Female entrepreneurs in Ghana gain organizing power

In Ghana’s capital, female market vendors are often forcibly removed from the street, leaving them with nowhere to sell their goods. But this year, the women came together to demand a new, safer working space from the city.

n a junk-strewn lot on the outskirts of Ghana’s capital, weary-looking street vendors gathered to hear their leader Vida Tangwam passionately protest their impending eviction.

The women – among them high school drop-outs and single mothers – were usually treated like “nobody” by city authorities, Ms. Tangwam said.

For decades street vendors have been forcibly, and sometimes violently, cleared off the streets of Accra, say civil society groups.

But when some 2,000 vendors in Madina, an Accra suburb, heard they would be evicted in June, something unexpected happened. The women refused to leave without a new, safer working space, and the city council gave them one.

“It’s because of the togetherness in the market, that made them to have one voice. And I think that voice was heard,” said Tangwam, who is vice president of the Informal Hawkers and Vendors Association of Ghana.

It was the first time vendors had pushed back with such success – normally if they are given an alternate marketplace at all, it is unusable, said the advocacy group Women in Informal Employment: Globalizing and Organizing (WIEGO).

But the case is indicative of a growing trend: street sellers and slum dwellers are increasingly gaining recognition in Accra as they become better organized to speak out, said WIEGO and People’s Dialogue, a Ghanaian organization that supports the urban poor.

“The engagement opportunities [with the government] have improved,” said Dorcas Ansah, WIEGO’s country coordinator, who was in touch with the Madina vendors as they fought their case.In Madina, we didn’t have to go with them. They knew what they had to do,” she said.

women make up the majority of Accra’s informal workers, who account for more than 80 percent of the city’s working population, according to the government.

They dominate small trade and retail, contributing to Ghana’s ranking as one of the countries with the highest proportion – at 46 percent – of female business owners worldwide, according to a 2018 index of women entrepreneurs by credit card firm Mastercard.

That makes the stakes even higher for many street vendors, said Ms. Ansah. Male vendors are evicted as well, but there are far fewer of them.

“Women support the men,” said Akua Agyeawa, who sells used clothes in Madina and is the primary breadwinner in her family.

“I will not get support from anywhere if I lose this job.”

Crowded markets and limited space

Mass evictions happen every few years in Accra, often after an election cycle when new governments commonly pledge to “clean up” the city, said Ansah of WIEGO.

This year the Accra Metropolitan Assembly (AMA) launched a new “decongestion exercise” to clear traders off streets and pavements downtown.

AMA spokesman Gilbert Ankrah said he did not know how many people have or would be evicted, while activists put the number at thousands.

The city of about 2 million is getting more crowded as people move in from poorer, rural regions, experts say, and markets are overflowing with traders selling everything from plastic sandals to dried fish.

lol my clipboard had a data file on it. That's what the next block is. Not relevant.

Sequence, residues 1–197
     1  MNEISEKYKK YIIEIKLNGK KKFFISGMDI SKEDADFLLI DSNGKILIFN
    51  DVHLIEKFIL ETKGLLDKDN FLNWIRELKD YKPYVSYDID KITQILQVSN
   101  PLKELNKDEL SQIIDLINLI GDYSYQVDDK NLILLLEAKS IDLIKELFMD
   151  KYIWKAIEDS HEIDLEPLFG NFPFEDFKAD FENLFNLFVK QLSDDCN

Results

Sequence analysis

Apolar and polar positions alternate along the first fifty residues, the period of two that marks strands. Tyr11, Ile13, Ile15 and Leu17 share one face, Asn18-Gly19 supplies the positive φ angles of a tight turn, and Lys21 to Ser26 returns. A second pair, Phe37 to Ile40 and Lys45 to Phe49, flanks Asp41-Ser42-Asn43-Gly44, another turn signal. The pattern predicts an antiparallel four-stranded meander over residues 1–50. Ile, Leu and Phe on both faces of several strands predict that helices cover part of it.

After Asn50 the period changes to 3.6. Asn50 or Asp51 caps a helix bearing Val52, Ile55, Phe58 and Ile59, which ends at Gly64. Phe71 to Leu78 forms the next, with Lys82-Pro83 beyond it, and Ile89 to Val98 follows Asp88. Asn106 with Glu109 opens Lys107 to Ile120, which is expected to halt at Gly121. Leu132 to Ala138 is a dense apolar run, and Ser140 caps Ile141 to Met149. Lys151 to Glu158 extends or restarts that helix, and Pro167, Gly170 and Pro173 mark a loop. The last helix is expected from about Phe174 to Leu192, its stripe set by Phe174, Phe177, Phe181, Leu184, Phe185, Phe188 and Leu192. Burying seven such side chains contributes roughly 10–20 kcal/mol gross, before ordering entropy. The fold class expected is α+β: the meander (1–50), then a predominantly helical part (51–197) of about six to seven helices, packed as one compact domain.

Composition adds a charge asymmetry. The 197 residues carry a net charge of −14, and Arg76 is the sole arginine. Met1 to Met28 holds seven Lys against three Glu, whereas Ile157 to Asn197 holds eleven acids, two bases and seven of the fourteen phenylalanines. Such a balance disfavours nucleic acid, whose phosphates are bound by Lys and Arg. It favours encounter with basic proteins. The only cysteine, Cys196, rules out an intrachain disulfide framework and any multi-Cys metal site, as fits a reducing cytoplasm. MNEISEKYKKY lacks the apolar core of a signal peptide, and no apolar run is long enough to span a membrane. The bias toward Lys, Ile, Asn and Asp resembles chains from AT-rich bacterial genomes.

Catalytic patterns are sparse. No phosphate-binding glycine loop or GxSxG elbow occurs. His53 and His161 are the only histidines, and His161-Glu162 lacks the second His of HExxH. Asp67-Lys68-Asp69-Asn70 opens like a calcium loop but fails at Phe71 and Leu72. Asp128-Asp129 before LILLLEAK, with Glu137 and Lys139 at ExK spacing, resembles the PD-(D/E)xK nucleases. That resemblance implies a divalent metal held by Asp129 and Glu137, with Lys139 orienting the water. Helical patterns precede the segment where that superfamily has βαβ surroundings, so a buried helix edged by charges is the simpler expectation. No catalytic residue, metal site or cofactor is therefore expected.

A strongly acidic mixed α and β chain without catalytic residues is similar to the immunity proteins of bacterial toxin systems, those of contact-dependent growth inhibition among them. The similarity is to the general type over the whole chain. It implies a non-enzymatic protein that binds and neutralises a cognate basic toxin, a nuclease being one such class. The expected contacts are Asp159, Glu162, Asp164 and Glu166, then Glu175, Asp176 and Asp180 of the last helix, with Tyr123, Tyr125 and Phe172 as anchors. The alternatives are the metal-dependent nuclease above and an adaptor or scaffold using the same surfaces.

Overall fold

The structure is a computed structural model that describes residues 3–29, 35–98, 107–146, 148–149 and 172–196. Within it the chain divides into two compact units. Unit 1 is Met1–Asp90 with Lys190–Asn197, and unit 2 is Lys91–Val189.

“We want to create an environment where people will be able to move about more freely, unlike currently where they are competing with lorries on the roads,” Mr. Ankrah told the Thomson Reuters Foundation.

The city is looking into creating new marketplaces, he said, but so far none have been provided for vendors evicted from the central business district this year.

Ankrah said there is space for most of them in existing markets and that they move out to the pavements to get more customers.

“The challenge is some of the women come back, but we have our task force to ensure that we move them,” he said.

But workers said crowding in the markets is a serious problem.

“We need expansions of our markets,” said Tangwam, weaving between cars and piles of goods one weekday in Madina.

“We pay taxes to the government, so we think that whenever there’s a problem they should be able to involve us to come up with the final solution.”

Dialogue between city and vendors

It took several months of discussions and even radio interviews for the city and vendors to reach an agreement in Madina, said Tangwam.

The women were first told to move to a muddy field with no toilets, streetlights, or storage. After the municipal assembly provided the requested amenities, they willingly relocated.

The assembly is now preparing to set up a market office, a security post, and a daycare center, said spokesman Isaac Odoom.

It was a far cry from the typical eviction, where women sometimes arrive to work in the morning to find their kiosks destroyed and goods confiscated, said Ansah from WIEGO.

“There’s a local saying that if you throw a frog, you don’t care where it lands. So normally, that’s what happens [with evictions],” said Kojo Anane, a program officer at People’s Dialogue.

There are signs this could be changing for slum dwellers, too, he said. Accra’s largest slum, Old Fadama, is home to about 100,000 people who have faced eviction threats for decades.

Now the conversation with authorities has shifted toward relocation, said Mr. Anane, though challenges remain.

Replicating the Madina success would be harder in the city center because there is so little space, said Ansah.

But she hopes the lessons will stick.

By Nellie Peyton, Thomson Reuters Foundation

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